September 16, 2013

For birthday stunt, 80-year-old pulls car with his neck

It's all in a day's work for a power lifter and actor called Batso whose house has a Halloween theme.

By BILL CUMMINGS Connecticut Post

STRATFORD, Conn. - Most people are happy to mark their 80th birthday with some cake and a nice dinner. But not Nick Maccharoli. He decided to pull his car -- with his neck.

click image to enlarge

After pulling a Nissan Leaf several feet with his neck at age 80, Nick Maccharoli said he could have moved it a lot farther.

Christian Abraham/Connecticut Post

The colorful Stratford senior citizen, who fans know as "Batso" on National Geographic's reality show "Rescue Ink," hooked a rope to his head on Sept. 7 and pulled his Nissan Leaf electric car a few feet during a party at Boothe Memorial Park.

A lifelong weightlifter, Batso prepared by first lifting 50 pounds from a chair using only his neck. "I have to stretch," he explained before attaching a rope tied to the car to a brace around his head and neck.

As he faced the 4,500-pound car, Batso moved his neck backward to get the car rolling and easily pulled it a few feet forward as his wife, Elly, steered.

"I could have pulled all the way down there," Batso declared, pointing across a picnic area at the park.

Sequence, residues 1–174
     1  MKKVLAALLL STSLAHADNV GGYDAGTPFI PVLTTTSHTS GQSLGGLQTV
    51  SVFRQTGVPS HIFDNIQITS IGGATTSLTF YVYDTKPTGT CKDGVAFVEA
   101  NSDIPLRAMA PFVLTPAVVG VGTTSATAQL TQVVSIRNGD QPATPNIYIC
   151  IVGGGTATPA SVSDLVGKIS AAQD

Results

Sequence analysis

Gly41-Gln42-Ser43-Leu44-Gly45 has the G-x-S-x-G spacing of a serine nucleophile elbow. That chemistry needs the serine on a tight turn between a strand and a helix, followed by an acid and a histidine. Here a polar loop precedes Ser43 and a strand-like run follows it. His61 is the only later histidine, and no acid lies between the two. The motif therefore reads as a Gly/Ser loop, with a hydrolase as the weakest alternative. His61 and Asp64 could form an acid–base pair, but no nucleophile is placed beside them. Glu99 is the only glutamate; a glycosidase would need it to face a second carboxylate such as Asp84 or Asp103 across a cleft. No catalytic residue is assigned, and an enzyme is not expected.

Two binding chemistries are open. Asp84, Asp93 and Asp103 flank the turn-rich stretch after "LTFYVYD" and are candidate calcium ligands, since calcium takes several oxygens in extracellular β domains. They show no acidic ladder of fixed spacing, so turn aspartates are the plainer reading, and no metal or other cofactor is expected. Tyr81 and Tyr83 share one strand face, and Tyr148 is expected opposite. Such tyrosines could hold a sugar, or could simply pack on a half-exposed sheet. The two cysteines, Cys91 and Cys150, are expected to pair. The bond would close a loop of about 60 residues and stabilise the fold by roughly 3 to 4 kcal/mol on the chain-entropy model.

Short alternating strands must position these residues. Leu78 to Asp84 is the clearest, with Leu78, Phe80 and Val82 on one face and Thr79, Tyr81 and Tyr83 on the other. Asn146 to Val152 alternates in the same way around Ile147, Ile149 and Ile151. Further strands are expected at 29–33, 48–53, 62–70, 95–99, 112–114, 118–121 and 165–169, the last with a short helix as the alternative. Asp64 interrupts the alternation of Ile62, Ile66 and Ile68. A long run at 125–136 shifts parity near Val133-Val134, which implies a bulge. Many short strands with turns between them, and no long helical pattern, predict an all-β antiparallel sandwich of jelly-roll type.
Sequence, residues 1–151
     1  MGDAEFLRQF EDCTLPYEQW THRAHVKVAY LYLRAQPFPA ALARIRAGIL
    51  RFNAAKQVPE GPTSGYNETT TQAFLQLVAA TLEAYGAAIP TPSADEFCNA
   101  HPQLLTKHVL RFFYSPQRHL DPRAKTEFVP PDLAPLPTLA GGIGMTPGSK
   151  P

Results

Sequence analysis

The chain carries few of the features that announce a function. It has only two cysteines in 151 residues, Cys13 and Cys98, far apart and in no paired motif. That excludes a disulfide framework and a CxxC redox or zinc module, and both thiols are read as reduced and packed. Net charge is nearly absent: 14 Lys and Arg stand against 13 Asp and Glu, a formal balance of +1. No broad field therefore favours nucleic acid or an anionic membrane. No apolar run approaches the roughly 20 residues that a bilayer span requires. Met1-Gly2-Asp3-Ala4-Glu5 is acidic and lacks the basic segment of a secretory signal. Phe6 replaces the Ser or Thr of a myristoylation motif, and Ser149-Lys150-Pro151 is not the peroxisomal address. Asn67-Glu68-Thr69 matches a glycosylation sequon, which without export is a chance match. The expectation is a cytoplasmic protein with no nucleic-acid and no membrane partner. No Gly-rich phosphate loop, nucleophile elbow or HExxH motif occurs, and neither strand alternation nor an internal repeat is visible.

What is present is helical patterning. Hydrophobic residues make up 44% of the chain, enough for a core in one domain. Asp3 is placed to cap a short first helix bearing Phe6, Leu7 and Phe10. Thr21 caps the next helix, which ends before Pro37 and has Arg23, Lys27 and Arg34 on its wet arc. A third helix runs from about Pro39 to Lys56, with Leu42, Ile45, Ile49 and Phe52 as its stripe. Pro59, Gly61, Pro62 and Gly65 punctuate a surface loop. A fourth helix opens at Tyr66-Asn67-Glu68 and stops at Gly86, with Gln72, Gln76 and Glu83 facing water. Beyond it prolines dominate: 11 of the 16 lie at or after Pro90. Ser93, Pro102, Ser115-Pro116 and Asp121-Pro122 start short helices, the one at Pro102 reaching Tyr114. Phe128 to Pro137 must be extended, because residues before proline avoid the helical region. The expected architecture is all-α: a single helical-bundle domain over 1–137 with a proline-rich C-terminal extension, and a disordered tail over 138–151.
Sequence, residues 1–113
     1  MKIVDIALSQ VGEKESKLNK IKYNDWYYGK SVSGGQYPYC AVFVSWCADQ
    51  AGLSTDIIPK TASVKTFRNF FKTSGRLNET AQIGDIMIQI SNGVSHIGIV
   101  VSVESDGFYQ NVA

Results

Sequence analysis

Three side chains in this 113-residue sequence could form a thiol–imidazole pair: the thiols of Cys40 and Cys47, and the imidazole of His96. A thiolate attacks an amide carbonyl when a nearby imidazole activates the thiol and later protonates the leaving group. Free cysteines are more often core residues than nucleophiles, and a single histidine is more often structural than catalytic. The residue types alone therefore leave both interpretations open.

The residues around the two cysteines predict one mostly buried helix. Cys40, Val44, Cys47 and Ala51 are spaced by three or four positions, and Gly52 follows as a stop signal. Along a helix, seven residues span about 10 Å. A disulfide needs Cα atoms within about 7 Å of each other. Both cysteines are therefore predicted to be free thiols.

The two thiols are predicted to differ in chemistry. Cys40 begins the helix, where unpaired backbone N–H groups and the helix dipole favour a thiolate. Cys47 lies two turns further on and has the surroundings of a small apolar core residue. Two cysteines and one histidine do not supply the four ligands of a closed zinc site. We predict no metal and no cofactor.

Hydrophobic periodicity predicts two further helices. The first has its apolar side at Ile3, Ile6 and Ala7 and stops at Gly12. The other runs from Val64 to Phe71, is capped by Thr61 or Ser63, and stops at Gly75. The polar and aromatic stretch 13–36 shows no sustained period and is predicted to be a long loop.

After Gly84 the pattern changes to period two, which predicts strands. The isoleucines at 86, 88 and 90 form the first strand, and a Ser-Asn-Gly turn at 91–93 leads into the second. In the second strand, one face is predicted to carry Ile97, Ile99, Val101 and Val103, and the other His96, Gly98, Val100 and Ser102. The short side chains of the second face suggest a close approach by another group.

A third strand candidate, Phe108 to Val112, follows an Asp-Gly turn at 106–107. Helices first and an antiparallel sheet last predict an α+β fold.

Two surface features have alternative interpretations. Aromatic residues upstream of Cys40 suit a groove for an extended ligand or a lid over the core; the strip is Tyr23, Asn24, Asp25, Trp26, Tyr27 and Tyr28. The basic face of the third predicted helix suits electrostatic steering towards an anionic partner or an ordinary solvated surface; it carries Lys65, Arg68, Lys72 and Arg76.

Cheers erupted from the crowd of 70 or so well-wishers gathered to celebrate his birthday. "I bet 20-year-olds can't do that," one said.

Pulling a car is actually not unusual for Batso, who has led a life as interesting as the colorful tattoos that cover him from head to toe.

Maccharoli became an actor late in life, landing a role as a wild prisoner on the HBO prison series "Oz" in the 1990s and a bit part in the Oscar-nominated film "The Wrestler."

Batso holds the Connecticut record for power lifting and took second place in the Master Light division at the Connecticut Open Power Lifting Championships. He has trained with Ultimate Fighting Champion Steve "The Beast" Severn and 1997 World Shuai-chio Kung fu champion Matt Furey.

His Main Street home, across from Short Beach, looks like the set of a Halloween movie, complete with a large metal light pole shaped like a bat -- his signature emblem and the basis of his nickname.

The house is adorned with fake skulls and snakes, bats and shrunken heads dangling from the ceiling and walls.

"He's a character," said Frank Bakos, who lives near Batso. "I've known him for about three years. He walks his dog by our house and we started chatting. They are just really nice people."

Asked why he wanted to pull a car on his 80th birthday, Batso dismissed the question.

"What am I going to do, sit home and get old?" he said.

 

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